Professional painters work in many types of locations, including construction sites, professional buildings, and private homes. While their services keep structures looking fresh, painters themselves face a revolving set of dangers each time they start a new job, and indeed, each work day.
Painters can protect themselves by becoming aware of various hazards they might face as well as learning how to stay safe in potentially dangerous circumstances. Here are some of the most common hazards professional painters face every time they go to work.
Due to the nature of their jobs as well as the locations in which they work, painters are prone to eye injuries. They should wear eye protection at all times, and if needed or wished, face protection such as a face shield.
Fumes from paint and on-site chemicals can cause problems for painters. Natural, toxic substances such as molds, fungi, and bacteria also pose serious dangers. Painters sometimes must work in confined spaces, which makes rescues difficult should trouble occur. Personal protective equipment, also called PPE, including ventilators, gloves, and ear plugs, is vital for maintaining safe conditions for painters when they must work in close spaces.
Painters often use scaffolding and ladders to do their work, and falls are a major danger they regularly face. Slips and trips can also cause injuries. To help prevent slips and trips, everyone should follow good housekeeping rules and best safety practices. They should clean up spills immediately and keep equipment organized and out of walkways. Painters should cover cables across pathways and remove or secure rugs. They should also ensure the work area is lit well. Safety harnesses help prevent falls from higher distances.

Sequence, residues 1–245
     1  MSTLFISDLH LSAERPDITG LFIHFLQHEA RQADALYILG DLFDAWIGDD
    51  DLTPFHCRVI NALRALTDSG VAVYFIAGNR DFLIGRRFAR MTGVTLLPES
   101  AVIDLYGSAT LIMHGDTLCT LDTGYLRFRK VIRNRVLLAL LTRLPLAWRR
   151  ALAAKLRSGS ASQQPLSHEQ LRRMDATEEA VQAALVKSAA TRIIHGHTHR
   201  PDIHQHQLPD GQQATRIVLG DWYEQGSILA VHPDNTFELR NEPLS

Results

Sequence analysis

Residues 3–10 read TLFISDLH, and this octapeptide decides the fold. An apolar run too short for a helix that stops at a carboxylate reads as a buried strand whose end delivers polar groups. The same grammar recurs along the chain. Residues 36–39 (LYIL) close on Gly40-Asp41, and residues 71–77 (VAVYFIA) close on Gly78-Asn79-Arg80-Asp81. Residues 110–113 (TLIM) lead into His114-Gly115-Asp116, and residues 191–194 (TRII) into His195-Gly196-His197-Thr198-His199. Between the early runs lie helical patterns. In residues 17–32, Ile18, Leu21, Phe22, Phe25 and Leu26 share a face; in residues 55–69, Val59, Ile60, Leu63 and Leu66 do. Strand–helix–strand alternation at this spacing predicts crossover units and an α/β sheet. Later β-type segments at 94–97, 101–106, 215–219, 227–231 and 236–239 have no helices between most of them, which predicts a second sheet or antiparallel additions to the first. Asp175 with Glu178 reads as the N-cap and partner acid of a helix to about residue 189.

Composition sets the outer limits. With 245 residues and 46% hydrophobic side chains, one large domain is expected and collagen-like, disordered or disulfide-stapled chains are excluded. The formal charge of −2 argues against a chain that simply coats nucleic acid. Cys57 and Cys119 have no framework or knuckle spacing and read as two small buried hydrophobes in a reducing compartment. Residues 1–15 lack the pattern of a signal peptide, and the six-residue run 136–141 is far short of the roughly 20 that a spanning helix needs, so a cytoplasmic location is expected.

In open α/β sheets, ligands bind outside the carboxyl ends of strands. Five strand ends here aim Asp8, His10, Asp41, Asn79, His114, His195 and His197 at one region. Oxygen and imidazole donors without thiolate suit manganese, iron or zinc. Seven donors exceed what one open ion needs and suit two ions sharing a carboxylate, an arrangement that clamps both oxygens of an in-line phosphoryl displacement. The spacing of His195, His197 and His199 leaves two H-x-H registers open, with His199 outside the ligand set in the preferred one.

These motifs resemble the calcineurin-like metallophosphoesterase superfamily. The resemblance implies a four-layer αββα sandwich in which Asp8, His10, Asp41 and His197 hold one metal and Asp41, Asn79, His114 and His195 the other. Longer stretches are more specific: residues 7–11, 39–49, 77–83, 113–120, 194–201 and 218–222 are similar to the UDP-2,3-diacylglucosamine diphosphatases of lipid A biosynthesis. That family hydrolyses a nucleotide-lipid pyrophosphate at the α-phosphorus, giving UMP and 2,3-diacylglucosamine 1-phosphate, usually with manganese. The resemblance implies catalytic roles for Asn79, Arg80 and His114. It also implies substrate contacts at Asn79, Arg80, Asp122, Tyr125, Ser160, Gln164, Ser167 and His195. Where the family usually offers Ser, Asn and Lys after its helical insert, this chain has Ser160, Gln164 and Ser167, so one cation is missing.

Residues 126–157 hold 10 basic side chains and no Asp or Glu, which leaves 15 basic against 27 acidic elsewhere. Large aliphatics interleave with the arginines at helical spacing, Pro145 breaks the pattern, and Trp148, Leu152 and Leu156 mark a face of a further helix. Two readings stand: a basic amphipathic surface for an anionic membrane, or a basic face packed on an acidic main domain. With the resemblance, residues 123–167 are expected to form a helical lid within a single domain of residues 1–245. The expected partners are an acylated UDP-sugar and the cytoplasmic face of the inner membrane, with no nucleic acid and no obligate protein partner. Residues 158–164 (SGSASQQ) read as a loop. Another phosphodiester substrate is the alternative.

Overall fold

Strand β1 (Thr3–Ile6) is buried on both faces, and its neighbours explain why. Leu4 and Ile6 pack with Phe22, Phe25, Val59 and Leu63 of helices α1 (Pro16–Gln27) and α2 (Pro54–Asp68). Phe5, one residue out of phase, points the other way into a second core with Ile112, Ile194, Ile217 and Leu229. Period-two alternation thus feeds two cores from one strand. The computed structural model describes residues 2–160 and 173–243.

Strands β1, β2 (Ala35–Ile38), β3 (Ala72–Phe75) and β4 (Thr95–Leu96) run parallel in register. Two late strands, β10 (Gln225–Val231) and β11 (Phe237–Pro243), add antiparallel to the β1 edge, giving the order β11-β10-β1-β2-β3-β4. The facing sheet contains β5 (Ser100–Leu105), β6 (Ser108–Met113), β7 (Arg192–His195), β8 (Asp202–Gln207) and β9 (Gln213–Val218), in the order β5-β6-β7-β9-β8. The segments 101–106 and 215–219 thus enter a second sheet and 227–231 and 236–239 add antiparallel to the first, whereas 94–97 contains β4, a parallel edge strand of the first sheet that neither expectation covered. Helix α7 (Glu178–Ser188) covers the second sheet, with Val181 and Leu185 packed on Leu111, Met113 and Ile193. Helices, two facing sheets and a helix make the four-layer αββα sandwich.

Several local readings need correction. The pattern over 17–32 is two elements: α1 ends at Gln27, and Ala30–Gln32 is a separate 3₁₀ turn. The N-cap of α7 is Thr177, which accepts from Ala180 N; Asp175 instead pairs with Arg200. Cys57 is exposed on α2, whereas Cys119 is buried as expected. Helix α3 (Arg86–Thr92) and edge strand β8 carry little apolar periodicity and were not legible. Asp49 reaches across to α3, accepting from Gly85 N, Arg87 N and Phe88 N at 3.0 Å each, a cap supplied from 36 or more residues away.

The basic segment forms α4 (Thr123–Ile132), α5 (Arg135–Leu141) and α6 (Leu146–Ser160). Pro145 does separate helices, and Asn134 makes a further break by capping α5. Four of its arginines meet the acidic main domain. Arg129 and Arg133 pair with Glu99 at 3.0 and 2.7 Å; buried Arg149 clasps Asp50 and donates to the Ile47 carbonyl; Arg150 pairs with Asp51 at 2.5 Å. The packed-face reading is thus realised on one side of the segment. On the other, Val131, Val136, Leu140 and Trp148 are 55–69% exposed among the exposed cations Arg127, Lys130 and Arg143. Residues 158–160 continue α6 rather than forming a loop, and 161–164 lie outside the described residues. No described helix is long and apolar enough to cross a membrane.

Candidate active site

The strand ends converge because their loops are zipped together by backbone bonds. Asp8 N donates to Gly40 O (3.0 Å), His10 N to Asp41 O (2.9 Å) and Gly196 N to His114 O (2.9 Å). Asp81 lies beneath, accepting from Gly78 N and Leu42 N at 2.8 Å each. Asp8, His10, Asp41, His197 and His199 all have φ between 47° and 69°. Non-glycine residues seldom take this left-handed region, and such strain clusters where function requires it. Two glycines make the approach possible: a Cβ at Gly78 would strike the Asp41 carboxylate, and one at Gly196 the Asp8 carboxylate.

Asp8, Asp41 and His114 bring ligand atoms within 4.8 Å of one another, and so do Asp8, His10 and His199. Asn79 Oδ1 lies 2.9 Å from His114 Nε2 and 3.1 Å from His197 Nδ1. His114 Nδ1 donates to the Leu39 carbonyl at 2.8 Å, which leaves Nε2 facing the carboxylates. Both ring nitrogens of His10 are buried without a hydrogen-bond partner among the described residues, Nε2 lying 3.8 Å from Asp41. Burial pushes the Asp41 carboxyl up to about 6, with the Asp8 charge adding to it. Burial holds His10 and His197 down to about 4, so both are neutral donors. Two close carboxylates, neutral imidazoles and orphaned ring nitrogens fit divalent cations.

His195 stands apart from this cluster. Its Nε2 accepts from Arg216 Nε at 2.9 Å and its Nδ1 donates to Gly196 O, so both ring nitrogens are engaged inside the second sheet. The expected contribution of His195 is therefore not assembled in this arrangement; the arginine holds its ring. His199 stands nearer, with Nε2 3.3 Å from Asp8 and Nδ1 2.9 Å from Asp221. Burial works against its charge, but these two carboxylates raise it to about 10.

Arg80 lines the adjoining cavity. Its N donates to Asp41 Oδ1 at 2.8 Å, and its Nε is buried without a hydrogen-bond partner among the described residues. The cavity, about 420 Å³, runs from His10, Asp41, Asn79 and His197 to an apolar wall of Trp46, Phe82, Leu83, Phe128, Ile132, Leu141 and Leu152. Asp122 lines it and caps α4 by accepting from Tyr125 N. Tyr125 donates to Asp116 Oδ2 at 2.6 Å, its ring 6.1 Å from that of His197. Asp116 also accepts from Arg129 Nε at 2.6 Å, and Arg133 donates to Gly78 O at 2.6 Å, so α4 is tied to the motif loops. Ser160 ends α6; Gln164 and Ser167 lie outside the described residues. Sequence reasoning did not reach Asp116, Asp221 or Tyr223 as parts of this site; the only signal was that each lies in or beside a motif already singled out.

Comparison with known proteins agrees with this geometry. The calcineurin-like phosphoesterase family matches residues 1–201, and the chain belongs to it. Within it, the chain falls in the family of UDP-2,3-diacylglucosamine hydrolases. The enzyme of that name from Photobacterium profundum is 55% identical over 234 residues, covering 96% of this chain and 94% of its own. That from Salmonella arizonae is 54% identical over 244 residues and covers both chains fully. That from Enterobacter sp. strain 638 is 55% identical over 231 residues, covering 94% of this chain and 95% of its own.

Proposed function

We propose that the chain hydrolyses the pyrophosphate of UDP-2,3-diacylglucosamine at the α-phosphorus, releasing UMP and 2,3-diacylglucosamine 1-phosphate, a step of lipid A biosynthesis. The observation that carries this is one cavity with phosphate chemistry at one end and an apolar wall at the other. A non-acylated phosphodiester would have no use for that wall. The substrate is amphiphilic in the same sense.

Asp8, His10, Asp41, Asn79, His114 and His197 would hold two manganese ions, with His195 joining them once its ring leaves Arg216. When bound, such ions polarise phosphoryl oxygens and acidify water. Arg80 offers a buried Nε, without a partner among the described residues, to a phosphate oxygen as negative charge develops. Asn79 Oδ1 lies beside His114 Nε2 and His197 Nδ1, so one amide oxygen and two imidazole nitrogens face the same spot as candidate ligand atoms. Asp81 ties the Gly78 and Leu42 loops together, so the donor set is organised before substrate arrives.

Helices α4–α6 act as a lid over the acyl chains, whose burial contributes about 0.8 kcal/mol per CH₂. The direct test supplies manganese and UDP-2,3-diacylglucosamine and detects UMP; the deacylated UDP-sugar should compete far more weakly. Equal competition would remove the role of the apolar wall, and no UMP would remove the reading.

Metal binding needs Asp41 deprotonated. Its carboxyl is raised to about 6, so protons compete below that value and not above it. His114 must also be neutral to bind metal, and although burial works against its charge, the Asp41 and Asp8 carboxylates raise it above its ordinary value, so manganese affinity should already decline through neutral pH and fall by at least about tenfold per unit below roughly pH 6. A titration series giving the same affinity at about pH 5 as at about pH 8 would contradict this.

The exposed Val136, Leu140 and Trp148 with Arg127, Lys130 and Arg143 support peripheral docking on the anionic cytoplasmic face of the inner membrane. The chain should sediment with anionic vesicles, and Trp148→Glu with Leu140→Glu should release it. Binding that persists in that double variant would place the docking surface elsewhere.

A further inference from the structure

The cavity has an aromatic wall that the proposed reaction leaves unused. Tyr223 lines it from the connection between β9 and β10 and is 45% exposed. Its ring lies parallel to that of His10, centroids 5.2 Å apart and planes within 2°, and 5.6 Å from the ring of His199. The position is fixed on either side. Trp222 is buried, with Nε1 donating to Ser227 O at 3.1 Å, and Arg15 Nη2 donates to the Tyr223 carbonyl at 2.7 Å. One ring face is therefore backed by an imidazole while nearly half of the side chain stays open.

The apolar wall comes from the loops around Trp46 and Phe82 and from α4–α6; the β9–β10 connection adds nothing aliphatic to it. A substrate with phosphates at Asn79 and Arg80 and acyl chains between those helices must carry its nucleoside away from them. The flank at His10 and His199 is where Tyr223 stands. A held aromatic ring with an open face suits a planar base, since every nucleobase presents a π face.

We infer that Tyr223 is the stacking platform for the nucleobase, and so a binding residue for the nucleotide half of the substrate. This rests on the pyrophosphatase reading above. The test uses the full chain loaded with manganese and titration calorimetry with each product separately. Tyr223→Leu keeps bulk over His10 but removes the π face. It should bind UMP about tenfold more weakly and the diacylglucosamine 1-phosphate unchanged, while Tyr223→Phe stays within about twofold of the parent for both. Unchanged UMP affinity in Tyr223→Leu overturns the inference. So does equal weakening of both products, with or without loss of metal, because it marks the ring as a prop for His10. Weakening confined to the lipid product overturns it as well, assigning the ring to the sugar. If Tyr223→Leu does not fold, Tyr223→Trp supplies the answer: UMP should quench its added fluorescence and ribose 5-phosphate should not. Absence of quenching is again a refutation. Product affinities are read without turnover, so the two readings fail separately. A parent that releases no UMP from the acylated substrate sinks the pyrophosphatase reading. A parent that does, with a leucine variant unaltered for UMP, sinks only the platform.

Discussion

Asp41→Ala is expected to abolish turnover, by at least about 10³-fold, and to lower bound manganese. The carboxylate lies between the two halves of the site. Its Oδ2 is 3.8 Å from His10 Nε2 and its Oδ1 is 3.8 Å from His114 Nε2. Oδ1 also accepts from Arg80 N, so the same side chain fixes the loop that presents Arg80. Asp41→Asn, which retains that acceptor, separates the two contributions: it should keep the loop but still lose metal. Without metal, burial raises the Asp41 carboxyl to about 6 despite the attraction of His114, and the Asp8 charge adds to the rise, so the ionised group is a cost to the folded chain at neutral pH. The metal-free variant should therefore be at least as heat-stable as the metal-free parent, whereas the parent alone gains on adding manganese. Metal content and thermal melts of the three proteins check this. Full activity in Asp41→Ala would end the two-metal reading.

Painters should not work close to power lines, but sometimes they must face various types of electrical hazards while working. To stay safe, painters must work with caution and awareness of their surroundings. If the area is wet or damp, painters need to use portable Ground Fault Circuit Interrupters, or GFCIs, for plugging in electrical equipment. Furthermore, painters non-conductive ladders made of materials such as fiberglass help prevent shocks and electrocutions.
Painters are subject to what are called manual material handling, or MMH, injuries. Heavy lifting can cause job burnout and fatigue as well as back injuries. Painters need to know the best way to lift heavy objects, and no professional should be asked to lift materials greater than their physical abilities to do so. Work areas with poor layouts or that are crowded can lead to MMH injuries, so painters must be aware of increased dangers and move even more carefully.
Professional painters face numerous on-the-job dangers, but they can stay safe by working with awareness and a sense of responsibility. Following best practices keeps them and their coworkers safe. By noticing and assessing dangers, painters can avoid them and get the job done.
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